Will Ukraine's Asymmetric Resistance Force Russia From Ukraine?
The sheer number of Russian forces may not be enough to overcome the strong Ukrainian resistance.
Although Russia’s campaign in Ukraine has been brutal, Vladimir Putin has still not deployed much of his military’s combat power. This reality is likely unsettling for those supporting the fierce and thus far successful Ukrainian resistance.
Despite Ukraine’s tactical successes and the surprising extent to which the Russian military has been ineffective, some may be inclined to think that a Russian victory is just a matter of time. Regardless of whatever resistance Ukraine is able to maintain in the short term, can it hold up long enough in light of the massive size disparity between the two forces?
That question remains unanswered, but it is clear that the small, motivated, and well-armed Ukrainian force continues to make progress against Russia’s large conventional military. Can this hold up as Russia continues to escalate its attacks? If Russia simply decided to send an overwhelming number of soldiers into Ukraine, would the resistance ultimately be overpowered? There are several intangibles here, particularly the will of thousands of Ukrainians to defend their country. While Russia’s bombardment of civilian areas may be an attempt to extinguish this will to fight, it does not appear to be working.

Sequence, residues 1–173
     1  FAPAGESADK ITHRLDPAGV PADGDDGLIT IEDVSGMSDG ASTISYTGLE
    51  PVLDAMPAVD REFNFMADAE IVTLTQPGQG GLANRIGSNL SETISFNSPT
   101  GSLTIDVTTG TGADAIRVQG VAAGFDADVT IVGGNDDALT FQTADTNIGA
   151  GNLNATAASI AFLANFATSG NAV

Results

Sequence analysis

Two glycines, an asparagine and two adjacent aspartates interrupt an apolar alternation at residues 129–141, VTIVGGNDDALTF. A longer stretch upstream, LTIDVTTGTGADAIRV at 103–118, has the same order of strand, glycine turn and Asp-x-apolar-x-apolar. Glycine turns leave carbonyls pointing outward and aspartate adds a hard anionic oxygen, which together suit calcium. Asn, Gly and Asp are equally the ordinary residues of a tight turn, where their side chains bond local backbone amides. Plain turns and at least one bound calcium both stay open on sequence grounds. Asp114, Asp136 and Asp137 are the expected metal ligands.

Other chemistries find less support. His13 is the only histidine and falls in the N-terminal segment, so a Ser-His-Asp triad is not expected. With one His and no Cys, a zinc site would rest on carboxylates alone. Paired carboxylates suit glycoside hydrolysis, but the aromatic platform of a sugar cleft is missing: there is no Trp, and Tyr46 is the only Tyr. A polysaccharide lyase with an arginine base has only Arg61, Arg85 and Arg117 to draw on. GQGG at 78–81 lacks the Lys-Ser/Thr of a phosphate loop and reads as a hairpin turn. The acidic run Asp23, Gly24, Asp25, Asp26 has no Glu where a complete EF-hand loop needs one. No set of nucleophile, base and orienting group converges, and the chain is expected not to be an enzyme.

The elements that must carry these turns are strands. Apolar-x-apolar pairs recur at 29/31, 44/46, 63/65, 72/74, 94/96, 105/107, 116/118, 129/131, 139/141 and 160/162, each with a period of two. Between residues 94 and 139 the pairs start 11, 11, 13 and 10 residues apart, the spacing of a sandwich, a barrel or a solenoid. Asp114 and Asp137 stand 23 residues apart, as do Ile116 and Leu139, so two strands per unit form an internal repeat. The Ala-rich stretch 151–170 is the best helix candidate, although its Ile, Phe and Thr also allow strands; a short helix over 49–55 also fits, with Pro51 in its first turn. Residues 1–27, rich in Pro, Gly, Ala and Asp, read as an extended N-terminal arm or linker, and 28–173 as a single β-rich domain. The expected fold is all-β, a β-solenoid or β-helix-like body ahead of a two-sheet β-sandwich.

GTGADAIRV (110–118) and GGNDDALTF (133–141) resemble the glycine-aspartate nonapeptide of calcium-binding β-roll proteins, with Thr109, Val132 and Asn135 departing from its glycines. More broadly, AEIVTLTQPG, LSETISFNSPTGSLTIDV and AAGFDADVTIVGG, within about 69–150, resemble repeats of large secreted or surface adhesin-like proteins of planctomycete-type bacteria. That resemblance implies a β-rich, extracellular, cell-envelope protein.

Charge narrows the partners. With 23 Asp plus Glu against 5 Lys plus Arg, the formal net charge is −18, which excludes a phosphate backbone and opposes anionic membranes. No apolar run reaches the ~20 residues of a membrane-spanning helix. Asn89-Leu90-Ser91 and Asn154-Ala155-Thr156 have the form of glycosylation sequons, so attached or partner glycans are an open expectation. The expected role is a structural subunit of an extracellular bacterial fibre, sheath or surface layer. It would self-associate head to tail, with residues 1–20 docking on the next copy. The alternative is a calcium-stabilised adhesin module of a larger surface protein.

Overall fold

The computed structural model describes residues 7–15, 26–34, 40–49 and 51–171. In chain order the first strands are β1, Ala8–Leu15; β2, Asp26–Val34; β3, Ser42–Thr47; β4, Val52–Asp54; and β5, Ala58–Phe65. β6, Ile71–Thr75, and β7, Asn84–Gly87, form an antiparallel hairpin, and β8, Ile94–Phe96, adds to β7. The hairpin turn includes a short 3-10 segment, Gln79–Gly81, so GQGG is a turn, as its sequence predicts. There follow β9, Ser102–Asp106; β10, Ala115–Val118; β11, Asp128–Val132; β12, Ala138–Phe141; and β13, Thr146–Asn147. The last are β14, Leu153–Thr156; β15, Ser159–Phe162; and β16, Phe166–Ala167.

Sheer numbers may not be enough to overcome the strong Ukrainian resistance. With hybrid warfare tactics like those employed by Ukrainian forces, a much smaller force can have a disproportionately large impact against a power like Russia. This is largely due to key tactical adjustments such as using anti-armor weapons at vital intersections or bridges that would make Russian forces more vulnerable. Asymmetrical defenses—avoiding direct mechanized confrontations—could allow Ukrainian fighters to fire anti-tank weapons at approaching armored vehicles from a hidden location.
The United States and its Western allies have sent thousands of Javelin anti-tank missiles and other assets to Ukraine in an effort to fortify these kinds of defenses. As the world has seen in Ukraine, determined, well-armed, and tactically astute forces can have a devastating impact on a larger invading force. How many Russian lives would have to be sacrificed in order to achieve victory? What would invading forces do if every Ukrainian citizen simply refused to succumb to Russian rule? Perhaps the iron-clad resolve of the Ukrainian people will ultimately force Russia to withdraw. Unfortunately, Putin may just continue to escalate until Russia achieves what he considers victory to be.
Kris Osborn is the Defense Editor for the National Interest. Osborn previously served at the Pentagon as a Highly Qualified Expert with the Office of the Assistant Secretary of the Army—Acquisition, Logistics & Technology. Osborn has also worked as an anchor and on-air military specialist at national TV networks. He has appeared as a guest military expert on Fox News, MSNBC, The Military Channel, and The History Channel. He also has a Master's Degree in Comparative Literature from Columbia University.